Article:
Before our trip to Thailand, I had no idea what galangal was, what to do with the lemongrass that I have been growing in my garden for years or what the difference was between Thai Basil and Holy Basil (nor did I know the wonder of life that is fresh coconut milk).
We loaded into the back of a songthaew and went out of Chiang Mai into the beautiful countryside of Northern Thailand. A quick stop in a local market for some fresh coconut milk and some other essential Thai sauces and ingredients and we were on our way!
We drove past rice fields, past farms and houses, and onto a dirt road. The farm came into view, looking like a peaceful haven, a world away from the city of Chiang Mai where we had just come from.
We had been transported to the magical land of the Chiang Mai Thai Farm Cooking School, where we discovered the amazing wonder of fresh galangal (a root that is somewhat like ginger and very distinctive) and of fresh tumeric and we were able to pick fresh keffir limes right from the trees.
Our teacher gave us a tour of the garden where many of the unique Thai herbs and spices that we would be using in our cooking would be coming from, then she herded us into the open air kitchen to start cooking. We each got to choose our own dishes, and it was amazing to me to see how many Thai dishes can be made from roughly the same formula with minor changes made to it, making Thai cooking relatively easy to learn.
Our first cooking lesson was about the proper way to cook rice. I learned how to properly make sticky rice and jasmine rice, and about the roles that each type of rice play in the daily lives of Thai families (jasmine rice is for every day an sticky rice is only for special occasions and they are very rarely both eaten during the same meal)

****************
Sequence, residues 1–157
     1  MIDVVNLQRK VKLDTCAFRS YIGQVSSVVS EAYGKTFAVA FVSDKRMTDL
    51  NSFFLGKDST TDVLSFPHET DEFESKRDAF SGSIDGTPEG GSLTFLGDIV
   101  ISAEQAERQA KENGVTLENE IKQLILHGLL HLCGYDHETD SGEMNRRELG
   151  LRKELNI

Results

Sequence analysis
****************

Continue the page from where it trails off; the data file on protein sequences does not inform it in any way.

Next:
While the cooking was wonderful and super simple to learn, the eating was heaven on earth. Jasmine and stick rice, chicken with basil, pad thai, spring rolls, mango and sticky rice…all I can say is “yum” (and that I am salivating now).
Our cooking class cleared up a couple long held misconceptions about Thai cuisine…first that curry is always REALLY spicy. We customized our curry paste to our taste for spiciness and mine was definitely warm but tolerable and delicious.
The other misconception that I had was about coconut milk. I generally have thought that I hate coconut. In the past, though, my only reference for coconut was coconut flavored drinks and those dried coconut flakes that are usually put on all of the wrong things. Real coconut is nothing like that, and I discovered first that I love it and second that it can be used for a variety of cooking purposes.
Of course we had been eating Thai food during our trip, but our cooking experience was what really brought the cuisine of this amazingly diverse country alive to me, infusing its spicy essence deep into my soul like when you get the oil from your chili peppers onto your hands and just can’t quite get it to wash off. I’m stuck on Thai food and can’t wait to get my next fix!